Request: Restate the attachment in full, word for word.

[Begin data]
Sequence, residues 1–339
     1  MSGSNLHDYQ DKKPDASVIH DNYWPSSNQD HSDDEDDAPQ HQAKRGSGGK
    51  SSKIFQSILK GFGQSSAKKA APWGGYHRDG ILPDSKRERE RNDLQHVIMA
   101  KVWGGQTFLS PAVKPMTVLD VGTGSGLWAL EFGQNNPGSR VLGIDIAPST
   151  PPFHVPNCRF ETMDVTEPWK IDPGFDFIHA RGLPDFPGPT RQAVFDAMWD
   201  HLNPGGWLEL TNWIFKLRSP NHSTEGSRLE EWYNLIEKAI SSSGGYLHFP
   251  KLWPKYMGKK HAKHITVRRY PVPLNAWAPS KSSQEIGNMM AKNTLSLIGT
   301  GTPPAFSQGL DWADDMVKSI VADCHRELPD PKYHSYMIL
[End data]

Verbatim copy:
Sequence, residues 1–339
     1  MSGSNLHDYQ DKKPDASVIH DNYWPSSNQD HSDDEDDAPQ HQAKRGSGGK
    51  SSKIFQSILK GFGQSSAKKA APWGGYHRDG ILPDSKRERE RNDLQHVIMA
   101  KVWGGQTFLS PAVKPMTVLD VGTGSGLWAL EFGQNNPGSR VLGIDIAPST
   151  PPFHVPNCRF ETMDVTEPWK IDPGFDFIHA RGLPDFPGPT RQAVFDAMWD
   201  HLNPGGWLEL TNWIFKLRSP NHSTEGSRLE EWYNLIEKAI SSSGGYLHFP
   251  KLWPKYMGKK HAKHITVRRY PVPLNAWAPS KSSQEIGNMM AKNTLSLIGT
   301  GTPPAFSQGL DWADDMVKSI VADCHRELPD PKYHSYMIL